In America, four Republican members of Congress have written a letter to the heads of the Federal Reserve Board and US Treasury asking that a more ‘deliberative’ approach be taken in crafting regulations for the implementation of the Unlawful Internet Gambling Enforcement Act (UIGEA).
In the letter, Illinois’ Judy Biggert joined Pennsylvania’s Jim Gerlach, Connecticut’s Christopher Shays and California’s Kevin McCarthy in urging that a formal definition be finalised for ‘unlawful Internet gambling’ before any rules are placed into effect.
“Simply put, we believe that it is possible that if UIGEA law and regulations are implemented with the vague language we described above, a judge may be eventually required to answer the question of ‘what is unlawful Internet gambling?’, read the letter.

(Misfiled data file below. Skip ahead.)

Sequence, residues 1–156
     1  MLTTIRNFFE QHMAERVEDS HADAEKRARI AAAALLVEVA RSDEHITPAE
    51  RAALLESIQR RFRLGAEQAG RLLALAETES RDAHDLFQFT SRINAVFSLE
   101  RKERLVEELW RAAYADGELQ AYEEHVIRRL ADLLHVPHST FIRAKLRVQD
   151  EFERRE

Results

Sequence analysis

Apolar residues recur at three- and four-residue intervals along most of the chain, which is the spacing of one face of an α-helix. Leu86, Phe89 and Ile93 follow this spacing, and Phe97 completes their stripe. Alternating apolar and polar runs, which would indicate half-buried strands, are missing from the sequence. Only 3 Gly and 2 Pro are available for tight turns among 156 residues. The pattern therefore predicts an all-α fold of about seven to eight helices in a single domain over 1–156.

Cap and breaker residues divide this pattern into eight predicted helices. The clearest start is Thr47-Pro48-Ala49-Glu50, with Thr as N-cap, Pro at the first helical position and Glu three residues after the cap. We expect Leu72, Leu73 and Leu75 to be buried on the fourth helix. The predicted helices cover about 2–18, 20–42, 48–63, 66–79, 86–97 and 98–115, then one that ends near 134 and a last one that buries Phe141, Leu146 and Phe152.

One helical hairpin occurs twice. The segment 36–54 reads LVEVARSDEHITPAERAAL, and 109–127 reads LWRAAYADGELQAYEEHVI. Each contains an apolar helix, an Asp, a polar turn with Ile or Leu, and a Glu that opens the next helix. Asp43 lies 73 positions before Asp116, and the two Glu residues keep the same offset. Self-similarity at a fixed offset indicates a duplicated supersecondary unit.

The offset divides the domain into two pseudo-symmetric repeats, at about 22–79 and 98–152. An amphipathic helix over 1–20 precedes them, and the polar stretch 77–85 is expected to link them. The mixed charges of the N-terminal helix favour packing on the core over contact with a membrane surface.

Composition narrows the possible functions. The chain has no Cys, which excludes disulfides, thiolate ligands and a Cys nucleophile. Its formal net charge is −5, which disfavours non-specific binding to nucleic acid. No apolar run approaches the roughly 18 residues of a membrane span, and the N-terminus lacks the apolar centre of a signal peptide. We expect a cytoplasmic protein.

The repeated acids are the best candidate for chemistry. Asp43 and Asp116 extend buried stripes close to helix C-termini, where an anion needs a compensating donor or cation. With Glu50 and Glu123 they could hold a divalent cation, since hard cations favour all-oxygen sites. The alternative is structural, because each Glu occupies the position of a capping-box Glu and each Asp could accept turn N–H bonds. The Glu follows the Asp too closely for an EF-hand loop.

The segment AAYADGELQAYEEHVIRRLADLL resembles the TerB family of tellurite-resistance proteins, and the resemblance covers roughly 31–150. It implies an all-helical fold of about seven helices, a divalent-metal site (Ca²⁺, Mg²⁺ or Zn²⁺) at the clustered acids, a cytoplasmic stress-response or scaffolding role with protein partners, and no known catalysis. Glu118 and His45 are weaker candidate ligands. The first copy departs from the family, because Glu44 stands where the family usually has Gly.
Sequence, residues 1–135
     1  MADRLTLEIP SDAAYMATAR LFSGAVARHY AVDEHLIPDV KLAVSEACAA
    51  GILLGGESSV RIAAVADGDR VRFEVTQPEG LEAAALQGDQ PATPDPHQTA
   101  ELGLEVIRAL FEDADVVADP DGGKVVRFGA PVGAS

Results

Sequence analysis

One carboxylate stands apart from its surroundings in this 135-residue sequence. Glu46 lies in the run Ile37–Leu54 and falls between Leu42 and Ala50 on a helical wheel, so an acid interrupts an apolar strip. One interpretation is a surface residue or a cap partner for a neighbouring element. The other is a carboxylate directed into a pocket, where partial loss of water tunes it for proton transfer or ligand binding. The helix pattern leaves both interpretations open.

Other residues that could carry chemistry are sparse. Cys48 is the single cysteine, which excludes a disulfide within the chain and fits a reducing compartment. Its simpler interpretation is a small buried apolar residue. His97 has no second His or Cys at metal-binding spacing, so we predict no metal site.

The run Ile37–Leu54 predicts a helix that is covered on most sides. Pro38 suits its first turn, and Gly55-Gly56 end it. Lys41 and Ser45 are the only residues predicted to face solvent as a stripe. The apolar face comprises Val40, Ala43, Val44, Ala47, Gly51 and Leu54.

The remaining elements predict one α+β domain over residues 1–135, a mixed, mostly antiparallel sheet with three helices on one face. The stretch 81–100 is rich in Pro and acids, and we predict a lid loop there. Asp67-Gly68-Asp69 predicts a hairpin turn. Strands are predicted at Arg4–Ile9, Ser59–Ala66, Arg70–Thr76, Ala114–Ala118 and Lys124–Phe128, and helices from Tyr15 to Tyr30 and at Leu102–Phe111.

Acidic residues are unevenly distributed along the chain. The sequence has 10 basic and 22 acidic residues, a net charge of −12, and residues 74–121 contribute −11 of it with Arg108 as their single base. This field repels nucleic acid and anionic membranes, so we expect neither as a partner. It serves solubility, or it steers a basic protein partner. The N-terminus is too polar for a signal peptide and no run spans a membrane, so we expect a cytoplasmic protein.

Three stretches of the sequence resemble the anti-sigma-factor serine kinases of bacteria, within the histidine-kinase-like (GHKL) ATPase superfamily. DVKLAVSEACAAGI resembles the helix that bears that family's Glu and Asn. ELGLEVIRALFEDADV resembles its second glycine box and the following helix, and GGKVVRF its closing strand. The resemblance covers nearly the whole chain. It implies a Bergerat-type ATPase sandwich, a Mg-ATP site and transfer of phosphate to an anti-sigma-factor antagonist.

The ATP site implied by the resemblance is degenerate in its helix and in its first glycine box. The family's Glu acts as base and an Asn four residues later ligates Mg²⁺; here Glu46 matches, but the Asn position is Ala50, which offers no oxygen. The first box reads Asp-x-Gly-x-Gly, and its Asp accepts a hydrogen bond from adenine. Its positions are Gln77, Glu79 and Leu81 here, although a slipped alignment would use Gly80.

“It makes fiscal sense to resolve this question before saddling the public, regulated industries, small businesses and courts with uncertain UIGEA law and regulation.”
The letter was addressed to Henry Paulson, Secretary of the Treasury, and Ben Bernanke, Chairman of the Board of Governors for the Federal Reserve System, and represents the first open Republican split over the implementation of UIGEA. They also asked that the current rulemaking procedure be formalised under the purview of an Administrative Law Judge and that a Regulatory Flexibility Analysis be conducted on UIGEA's true financial burden on affected businesses.
“We voted for UIGEA and support it now,” read the letter.
“As such, we have resisted legislative efforts, which may have the effect of delaying interminably the implementation of UIGEA and its regulations. However, we are concerned about the legal and operational viability of a rule that leaves so much to interpretation and, accordingly, urge the Board and Treasury to take a more deliberative path to a workable rule as we have outlined in this letter.”